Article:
Argonaut and MOS sought enforcement of the subpoenas in this district even though they call for production of documents and attendance at a hearing in San Francisco. They did so presumably because FAA section 7 confers authority to enforce a subpoena only upon "the United States district court for the district in which [the] arbitrators, or a majority of them, are sitting." 9 U.S.C. § 7. Because the arbitration proceeding is being conducted in Chicago, only a court in this district may enforce a subpoena issued by the arbitrators.

Two provisions of Federal Rule of Civil Procedure 45 make it clear, however, that the Court lacks the authority to enforce the arbitrators' subpoena directing GT and Chiang to attend a hearing and produce documents in San Francisco. First, a subpoena summoning a person to attend a hearing or trial must be issued "from the court for the district where the hearing or trial is to be held." Fed. R. Civ. P. 45(a)(2)(A). Second, a subpoena may be served only within the district of the issuing court, or if outside that district, at a place within 100 miles of the hearing. Fed. R. Civ. P. 45(b)(2).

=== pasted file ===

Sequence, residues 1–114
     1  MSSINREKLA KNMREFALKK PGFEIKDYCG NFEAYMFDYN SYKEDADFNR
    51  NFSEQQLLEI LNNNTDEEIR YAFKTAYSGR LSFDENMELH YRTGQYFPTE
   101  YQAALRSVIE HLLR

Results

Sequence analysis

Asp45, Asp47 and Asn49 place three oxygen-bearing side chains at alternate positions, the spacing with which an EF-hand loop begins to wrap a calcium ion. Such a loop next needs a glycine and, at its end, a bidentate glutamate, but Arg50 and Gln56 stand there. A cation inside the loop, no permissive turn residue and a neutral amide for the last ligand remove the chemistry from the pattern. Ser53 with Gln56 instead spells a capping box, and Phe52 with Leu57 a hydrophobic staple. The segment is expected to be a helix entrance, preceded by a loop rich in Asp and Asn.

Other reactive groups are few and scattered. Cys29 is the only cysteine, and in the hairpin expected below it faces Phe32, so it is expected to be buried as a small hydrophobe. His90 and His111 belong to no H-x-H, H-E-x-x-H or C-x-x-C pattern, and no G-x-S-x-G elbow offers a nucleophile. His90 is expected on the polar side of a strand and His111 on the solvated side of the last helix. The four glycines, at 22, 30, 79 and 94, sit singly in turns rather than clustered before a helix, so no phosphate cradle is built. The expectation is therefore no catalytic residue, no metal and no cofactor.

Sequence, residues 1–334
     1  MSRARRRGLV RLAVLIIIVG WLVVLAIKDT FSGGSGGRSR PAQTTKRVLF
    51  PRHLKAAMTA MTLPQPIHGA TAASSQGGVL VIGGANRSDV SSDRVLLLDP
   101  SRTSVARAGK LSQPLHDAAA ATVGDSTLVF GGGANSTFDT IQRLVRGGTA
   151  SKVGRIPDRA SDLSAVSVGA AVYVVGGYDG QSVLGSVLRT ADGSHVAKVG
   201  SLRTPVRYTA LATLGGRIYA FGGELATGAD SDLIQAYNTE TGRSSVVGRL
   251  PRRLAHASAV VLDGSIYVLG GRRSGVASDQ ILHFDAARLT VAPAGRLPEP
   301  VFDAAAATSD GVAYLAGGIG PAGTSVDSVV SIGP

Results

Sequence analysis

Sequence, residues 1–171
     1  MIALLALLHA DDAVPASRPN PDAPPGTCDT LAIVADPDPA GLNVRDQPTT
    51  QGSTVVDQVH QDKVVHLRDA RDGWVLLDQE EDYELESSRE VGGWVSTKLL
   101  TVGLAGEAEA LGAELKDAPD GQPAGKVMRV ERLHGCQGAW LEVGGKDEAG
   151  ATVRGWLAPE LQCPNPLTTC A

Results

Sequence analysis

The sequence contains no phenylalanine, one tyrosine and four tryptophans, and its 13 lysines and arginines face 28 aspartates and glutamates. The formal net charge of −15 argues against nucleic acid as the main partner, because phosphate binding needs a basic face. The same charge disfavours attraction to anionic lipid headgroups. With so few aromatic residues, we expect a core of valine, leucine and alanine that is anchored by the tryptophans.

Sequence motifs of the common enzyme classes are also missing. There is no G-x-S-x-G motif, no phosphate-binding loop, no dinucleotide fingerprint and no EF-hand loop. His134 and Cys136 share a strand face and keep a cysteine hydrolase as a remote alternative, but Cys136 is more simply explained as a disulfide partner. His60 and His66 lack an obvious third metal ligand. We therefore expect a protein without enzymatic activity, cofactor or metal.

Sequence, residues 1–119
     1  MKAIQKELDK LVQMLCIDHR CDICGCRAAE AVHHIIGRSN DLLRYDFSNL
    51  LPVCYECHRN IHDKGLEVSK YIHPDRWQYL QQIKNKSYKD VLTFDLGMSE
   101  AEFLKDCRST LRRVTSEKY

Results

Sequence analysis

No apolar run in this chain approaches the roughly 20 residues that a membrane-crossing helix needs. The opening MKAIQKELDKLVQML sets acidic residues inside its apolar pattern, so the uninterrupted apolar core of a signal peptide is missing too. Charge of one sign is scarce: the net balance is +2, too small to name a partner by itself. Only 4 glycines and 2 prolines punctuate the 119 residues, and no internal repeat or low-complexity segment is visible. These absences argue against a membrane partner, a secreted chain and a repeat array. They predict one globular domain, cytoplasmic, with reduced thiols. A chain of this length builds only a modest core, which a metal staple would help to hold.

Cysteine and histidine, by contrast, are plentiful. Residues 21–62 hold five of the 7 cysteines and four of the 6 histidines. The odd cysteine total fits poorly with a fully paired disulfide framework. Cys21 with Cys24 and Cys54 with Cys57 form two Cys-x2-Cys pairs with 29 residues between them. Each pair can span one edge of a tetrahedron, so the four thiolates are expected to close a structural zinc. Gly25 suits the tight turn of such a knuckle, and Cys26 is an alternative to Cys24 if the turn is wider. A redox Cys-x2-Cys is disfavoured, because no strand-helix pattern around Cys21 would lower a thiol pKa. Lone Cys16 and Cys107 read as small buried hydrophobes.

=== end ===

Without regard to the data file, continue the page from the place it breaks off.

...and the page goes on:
The subpoenas at issue here satisfy neither of these requirements. First, they were issued from this district, even though the hearing is to be held in San Francisco, which is within the Northern District of California. Second, the subpoenas were served in San Francisco, which is well outside the territorial scope of this Court's subpoena authority.